Restaurant Christian Etienne, 10 Rue de Mons, Avignon 04 90 86 16 50
Auberge La Treille, Chemin de l’Ile Piot, Avignon 04 90 16 46 20

May is a ridiculous month in France – this year it contains 3 jours feriés (1st, 17th and 28th), which means, as the working population like to “bridge” the gap between weekends and these one day holidays, you can easily lose an entire week, in total, where shops, tax centres and mairies close their doors to the general public…

So, if you can’t beat ’em, as they say, join ’em. I recommend a little mini-break in Avignon – one of France’s most historic cities, and one so gloriously impressive that it’s impossible to explore properly in just one day.

Unwelcome hoards of medieval invaders were repelled by sturdy ramparts and brave bowmen. Modern Avignon has a more cunning plan. Most incomers are repulsed by the tasteless zones industrielles, that serve as a huge protective moat around the fortifications of the old town. But, trust me, push on to breach the fortifications, tether your sturdy steed in the dungeon of the Parking Palais des Papes, and start to discover the grandeur of the old town on shanks’ pony.

Avignon is a city anciently painted in red. From the crimson of the cardinals’ caps to the scarlet ceremonial sandals of the old pope himself. Red for the blood that was spilt defending the city, and also for the Châteauneuf du Pape wine that was spilt on the papal tablecloth. And obviously the carmine of the bright slippery tomettes covering the many crooked floors of the palace had all been brushed up with nothing less than Cardinal floor polish.

Red also features as a central point on the menu of the best restaurant in town run by Christian Etienne, buttressing the southern wall of the palais. His celebrated summer Menu Tomates which I selected, (this being my birthday treat), is a symphony of 7 light courses based around the central theme of…well, you guessed it…tomatoes. It starts with an allegro of 3 baby tomatoes stuffed with foie gras, aubergine and anchovies. Then each course gradually adds other more delicious and intricate layers and ingredients like crab, or lamb – all with differently coloured (including a new one to me – pineapple tomatoes), flavoured and textured tomato concoctions, climaxing, in a crescendo, with an exquisite dessert of tomato sorbet on a pistachio dacquise topped with sweet tomates confites. Even the gracious, spacious terrace was lined with fragrant pots of tomatoes and basil.

At 60€, the Menu Tomates was just cheaper than the Menu Homard (75€), which my fellow diners rejected as a little extreme, plumping instead for the 55€ Palais menu, launched by an unforgettable dish of deep fried frogs’ legs and mussels surrounding a barley risotto, followed by melting filets de rougets on a saffron-based fondue of fennel, finishing with a resounding dessert “autour de chocolat & abricot”. There is also a 30€ lunch menu. The Wine List containing a spectacular collection of over 100 Châteauneufs, “pleine de petits bijoux” as the sommelier put it.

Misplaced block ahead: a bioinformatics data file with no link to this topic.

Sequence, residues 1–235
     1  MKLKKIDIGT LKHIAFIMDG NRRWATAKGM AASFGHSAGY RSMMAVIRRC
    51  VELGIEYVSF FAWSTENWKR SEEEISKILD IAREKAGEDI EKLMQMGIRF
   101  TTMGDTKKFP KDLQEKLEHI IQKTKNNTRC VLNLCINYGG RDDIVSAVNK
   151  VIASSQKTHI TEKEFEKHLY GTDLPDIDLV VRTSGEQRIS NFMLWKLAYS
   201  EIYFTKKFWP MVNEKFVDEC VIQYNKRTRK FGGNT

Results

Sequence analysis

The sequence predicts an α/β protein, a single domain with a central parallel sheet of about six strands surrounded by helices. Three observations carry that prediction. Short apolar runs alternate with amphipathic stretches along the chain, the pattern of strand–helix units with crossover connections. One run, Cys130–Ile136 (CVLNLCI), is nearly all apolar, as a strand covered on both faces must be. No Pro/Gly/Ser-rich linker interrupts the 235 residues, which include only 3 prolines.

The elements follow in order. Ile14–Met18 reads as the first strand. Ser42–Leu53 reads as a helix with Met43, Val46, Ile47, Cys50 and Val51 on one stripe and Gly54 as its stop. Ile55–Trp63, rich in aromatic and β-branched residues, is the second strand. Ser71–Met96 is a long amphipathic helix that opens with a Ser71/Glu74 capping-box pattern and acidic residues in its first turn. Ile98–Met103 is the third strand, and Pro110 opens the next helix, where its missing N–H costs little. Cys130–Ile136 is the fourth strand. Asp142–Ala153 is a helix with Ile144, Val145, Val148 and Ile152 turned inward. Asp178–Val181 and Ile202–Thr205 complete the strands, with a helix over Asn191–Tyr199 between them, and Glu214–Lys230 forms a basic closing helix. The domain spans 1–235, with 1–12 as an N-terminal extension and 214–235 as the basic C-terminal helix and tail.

For pure nocturnal atmosphere, it’s impossible not to fall in love with the romantic country Auberge de la Treille, on the island in the middle of the Rhône facing Avignon. Take the free ferry from below the Rocher des Doms and wander along the pleasant towpath, until you arrive at a lovely old courtyard, sheltered by ancient plane trees, sporting pretty tables gaily lit by flickering candles, the scene being completed by an elegant wisteria-clad 19th century bastide one side, and an orchestra of cicadas in the bamboo hedge on the other. Menus at 22€, 32€ and 42€ are waved before you by jolly waiters: successes included rabbit moussaka, mozzarella & melon carpaccio, a gingery gambas & squid tagliatelli, and cod in fresh herb sauce on a crushed lemon-potato bed. Then, feeling more than replete, stroll back over the nearby bridge, feasting your eyes on the walls of the papal city beautifully illuminated under the stars, its tall, glittering reflection plunging into the midnight black of the river.

On such a night it’s impossible to believe that gluttony could be regarded as a Cardinal Sin. No, on such a night even the most puritan of papists in Avignon would reject that outdated concept, surely, as just a load of old Papal Bull…

Juliet Young

Sep 07 — Just been back to Avignon, and would like to add a couple of other good restos there. La Fourchette, 17 rue Racine 04 90 85 20 93, is a delightful family affair with great value excellent cooking. Mostly inside, there are a couple of tables by a window — so book ahead and ask for one of them, if it’s warm and sunny.

Also, facing right onto the Palais is Le Moutardier — 15 PL des Papes, 04 90 85 34 76 — a simple place but with some great cooking. Also boasts a vegetarian menu (which was good/imaginative when we went). If you stick to the menus it’s surprisingly good value, given how they could cash in on the spectacular venu — 27 for veggie 3 course, 30 for Menu du Marché 3 course — but if you step off the set menus onto the short carte, it quickly adds up. They also have matched wines by the glass with each dish, which is quite fun.

Copyright © 2007 Anglo-American Group of Provence